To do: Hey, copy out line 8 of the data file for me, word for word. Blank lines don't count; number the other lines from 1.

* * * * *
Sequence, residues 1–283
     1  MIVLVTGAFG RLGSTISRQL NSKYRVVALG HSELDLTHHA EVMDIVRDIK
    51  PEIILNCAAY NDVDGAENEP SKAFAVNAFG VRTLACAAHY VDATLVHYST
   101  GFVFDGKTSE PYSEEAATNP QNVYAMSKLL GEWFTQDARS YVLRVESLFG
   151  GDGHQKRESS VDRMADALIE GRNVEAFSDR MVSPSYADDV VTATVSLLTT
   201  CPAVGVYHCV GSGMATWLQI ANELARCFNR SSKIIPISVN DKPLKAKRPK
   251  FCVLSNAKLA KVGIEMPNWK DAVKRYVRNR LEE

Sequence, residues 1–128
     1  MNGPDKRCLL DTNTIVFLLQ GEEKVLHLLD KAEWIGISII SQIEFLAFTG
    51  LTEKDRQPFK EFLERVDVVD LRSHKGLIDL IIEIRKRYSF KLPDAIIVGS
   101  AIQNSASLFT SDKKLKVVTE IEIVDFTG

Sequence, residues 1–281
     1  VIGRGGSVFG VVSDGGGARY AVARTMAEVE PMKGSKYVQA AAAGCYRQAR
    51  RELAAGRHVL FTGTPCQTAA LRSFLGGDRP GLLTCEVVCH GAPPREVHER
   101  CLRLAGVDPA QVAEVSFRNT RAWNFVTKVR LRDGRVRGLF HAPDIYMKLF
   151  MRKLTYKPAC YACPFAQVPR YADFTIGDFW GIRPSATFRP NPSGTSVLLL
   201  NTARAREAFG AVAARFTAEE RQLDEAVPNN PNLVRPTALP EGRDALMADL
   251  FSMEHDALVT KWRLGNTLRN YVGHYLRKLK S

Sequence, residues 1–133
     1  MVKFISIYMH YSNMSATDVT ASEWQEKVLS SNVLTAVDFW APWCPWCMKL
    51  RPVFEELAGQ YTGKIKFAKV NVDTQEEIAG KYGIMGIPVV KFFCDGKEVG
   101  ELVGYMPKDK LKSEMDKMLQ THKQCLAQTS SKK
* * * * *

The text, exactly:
Sequence, residues 1–128